Belz Great Synagogue, Binat Yisas’har St 5, Jerusalem, Israel, +972-573-196-018
Paradesi Synagogue, India
Paradesi Synagogue, India
The Paradesi Synagogue is the oldest active synagogue in India and was built by Sephardic Jews following their settlement in India. The word Paradesi in several Indian languages means ‘foreigner’ which reflects the beginnings of the Synagogue. All visitors and worshippers to the Synagogue must enter barefoot, making walking on the beautiful hand painted ceramic tiles even more magical. The Synagogue is also filled with antiquities including an oriental rug, gold crowns and a teak ark which houses four Torah scrolls.
Paradesi Synagogue, Synagogue Lane, Kappalandimukku, Kochi, India
Ohel Jakob Synagogue, Germany
Ohel Jakob, ‘Jacob’s Tent’ in Hebrew, was designed by architects Rena Wandel-Hoefer and Wolfgang Lorch after they won a design competition in 2001. The Synagogue is a very modern cubic structure comprised of stone surrounded by a steel and glass cube. Not only is it beautiful but the glass encasing is symbolic of the tents used by the Israelites during the exodus. The interior of the Synagogue is also contemporary with clean cut wood and gold Hebrew lettering on the walls. The history of the Synagogue is equally as interesting as its design. The original synagogue which stood a few blocks away from the current one was destroyed in 1938 during World War Two. The Synagogue is now located in the new Jewish Centre which also houses the Jewish Museum and Jewish community center. The corridor, aptly called the Corridor of Remembrance, links both the Synagogue and the community center and commemorates nearly 5,000 Jewish citizens of Munich, who were murdered by the Nazis.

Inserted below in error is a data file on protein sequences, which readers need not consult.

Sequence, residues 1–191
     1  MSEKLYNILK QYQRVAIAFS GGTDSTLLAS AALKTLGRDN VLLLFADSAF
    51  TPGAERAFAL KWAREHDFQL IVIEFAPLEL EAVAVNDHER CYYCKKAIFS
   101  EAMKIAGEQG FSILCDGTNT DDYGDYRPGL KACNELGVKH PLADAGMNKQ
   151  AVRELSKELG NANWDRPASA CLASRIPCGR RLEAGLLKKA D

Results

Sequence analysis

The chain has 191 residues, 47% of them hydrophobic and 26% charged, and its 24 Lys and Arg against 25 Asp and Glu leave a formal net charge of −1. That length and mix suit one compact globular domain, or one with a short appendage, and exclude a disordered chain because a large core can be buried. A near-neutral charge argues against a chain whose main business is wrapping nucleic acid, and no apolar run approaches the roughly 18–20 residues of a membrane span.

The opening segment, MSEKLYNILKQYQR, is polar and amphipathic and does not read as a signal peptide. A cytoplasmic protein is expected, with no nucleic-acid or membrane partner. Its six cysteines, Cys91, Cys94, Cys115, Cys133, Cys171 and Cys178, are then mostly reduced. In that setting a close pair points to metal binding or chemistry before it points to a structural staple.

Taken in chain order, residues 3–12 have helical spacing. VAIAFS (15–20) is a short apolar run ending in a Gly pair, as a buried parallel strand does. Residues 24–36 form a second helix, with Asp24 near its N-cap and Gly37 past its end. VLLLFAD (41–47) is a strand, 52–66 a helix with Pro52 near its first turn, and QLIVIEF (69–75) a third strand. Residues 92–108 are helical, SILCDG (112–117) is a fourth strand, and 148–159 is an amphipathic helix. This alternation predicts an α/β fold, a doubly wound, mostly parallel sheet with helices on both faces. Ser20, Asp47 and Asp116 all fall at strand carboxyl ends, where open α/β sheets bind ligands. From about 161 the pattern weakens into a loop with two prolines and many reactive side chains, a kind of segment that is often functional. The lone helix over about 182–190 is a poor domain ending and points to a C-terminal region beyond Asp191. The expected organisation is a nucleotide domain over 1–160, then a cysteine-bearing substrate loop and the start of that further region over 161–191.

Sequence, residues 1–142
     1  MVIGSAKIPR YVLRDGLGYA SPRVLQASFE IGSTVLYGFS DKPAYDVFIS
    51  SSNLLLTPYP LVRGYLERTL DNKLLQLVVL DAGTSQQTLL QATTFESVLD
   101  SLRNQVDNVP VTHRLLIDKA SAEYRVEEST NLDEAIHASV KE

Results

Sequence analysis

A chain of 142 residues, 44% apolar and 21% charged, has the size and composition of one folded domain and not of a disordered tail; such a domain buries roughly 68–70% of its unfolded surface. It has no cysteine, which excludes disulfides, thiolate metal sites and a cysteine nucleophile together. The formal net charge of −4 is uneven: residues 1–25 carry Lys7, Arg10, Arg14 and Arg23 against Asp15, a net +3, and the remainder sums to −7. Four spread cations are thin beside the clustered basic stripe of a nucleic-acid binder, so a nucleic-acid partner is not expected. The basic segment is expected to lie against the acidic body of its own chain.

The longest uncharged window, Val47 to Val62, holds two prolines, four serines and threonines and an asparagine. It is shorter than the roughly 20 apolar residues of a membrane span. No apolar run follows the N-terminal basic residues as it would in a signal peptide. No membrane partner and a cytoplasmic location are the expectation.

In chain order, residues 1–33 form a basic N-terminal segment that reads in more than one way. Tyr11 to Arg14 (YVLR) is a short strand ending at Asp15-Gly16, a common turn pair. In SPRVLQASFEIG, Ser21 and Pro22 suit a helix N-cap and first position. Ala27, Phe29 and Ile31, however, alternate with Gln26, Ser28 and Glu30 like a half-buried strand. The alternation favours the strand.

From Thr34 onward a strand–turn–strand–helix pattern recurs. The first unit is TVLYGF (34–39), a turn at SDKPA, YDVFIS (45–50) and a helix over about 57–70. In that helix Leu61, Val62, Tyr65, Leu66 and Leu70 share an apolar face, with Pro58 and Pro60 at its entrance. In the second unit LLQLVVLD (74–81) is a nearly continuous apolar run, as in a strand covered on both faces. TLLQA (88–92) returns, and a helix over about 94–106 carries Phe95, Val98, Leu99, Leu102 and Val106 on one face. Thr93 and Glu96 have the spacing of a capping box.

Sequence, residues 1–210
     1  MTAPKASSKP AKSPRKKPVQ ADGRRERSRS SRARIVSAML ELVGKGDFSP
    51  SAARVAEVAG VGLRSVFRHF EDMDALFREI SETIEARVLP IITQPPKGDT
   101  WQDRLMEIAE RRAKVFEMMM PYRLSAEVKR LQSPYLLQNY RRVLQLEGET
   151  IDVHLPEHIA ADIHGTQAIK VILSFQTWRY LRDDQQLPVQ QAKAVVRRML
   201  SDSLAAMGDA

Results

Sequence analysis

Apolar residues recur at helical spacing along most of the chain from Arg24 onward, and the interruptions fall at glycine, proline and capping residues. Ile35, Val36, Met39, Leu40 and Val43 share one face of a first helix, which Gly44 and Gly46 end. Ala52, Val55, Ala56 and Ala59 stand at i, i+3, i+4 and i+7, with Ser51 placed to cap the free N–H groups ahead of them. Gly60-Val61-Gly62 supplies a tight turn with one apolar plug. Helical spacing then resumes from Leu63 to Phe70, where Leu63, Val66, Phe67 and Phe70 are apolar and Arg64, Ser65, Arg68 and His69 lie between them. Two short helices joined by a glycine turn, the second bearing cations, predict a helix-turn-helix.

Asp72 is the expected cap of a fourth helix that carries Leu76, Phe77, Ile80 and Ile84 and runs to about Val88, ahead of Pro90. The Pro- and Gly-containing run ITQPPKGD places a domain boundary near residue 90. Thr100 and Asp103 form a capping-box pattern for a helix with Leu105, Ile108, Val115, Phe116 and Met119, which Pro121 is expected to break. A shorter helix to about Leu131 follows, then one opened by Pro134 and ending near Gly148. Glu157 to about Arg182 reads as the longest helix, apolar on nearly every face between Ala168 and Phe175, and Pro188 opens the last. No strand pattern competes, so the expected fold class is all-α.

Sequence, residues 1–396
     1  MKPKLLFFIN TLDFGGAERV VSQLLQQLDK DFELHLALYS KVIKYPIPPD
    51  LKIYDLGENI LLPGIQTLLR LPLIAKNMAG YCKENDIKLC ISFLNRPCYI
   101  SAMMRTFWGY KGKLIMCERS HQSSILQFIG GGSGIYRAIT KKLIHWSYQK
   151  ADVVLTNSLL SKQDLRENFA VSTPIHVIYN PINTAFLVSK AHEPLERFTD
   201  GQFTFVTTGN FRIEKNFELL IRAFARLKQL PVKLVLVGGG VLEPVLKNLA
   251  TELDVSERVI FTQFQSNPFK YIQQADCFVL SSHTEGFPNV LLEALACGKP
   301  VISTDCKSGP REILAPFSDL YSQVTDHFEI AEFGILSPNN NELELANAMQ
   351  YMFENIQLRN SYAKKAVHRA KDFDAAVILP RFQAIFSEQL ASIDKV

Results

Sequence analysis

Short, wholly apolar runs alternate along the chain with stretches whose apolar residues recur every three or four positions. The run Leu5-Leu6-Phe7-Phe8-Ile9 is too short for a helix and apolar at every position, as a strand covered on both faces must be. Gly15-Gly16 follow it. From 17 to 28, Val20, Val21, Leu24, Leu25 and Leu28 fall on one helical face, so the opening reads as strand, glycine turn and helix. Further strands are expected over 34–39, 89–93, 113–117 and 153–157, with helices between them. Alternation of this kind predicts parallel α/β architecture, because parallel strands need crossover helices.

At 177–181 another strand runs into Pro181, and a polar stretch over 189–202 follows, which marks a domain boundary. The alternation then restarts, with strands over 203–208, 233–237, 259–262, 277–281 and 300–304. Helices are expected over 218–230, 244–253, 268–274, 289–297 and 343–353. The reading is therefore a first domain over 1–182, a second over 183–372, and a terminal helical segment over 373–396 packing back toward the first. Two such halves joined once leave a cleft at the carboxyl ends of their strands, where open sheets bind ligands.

Ohel Jakob Synagogue, Sankt-Jakobs-Platz 18, Munich, Germany
The Great Synagogue of Sydney, Australia
For the unsuspecting traveler, the Great Synagogue of Sydney may easily be mistaken for a Christian cathedral and is arguably one of Australia’s most beautiful religious establishments. The Synagogue is located right in the city center of Sydney, showing off elements of Byzantine and Gothic architecture since its consecration in 1878. The Synagogue is beautiful both inside and out with a large Gothic inspired rose window and bold columns at the front and a dark blue ceiling adorned with golden stars on the interior. The Synagogue offers tours at noon on various Tuesdays and Thursdays of each month. The Synagogue is also involved in other cultural events in Sydney like the Sydney Festival, due to its beauty and incredible acoustics.
The Great Synagogue of Sydney, 166 Castlereagh Street, Sydney, Australia
Templo Libertad, Argentina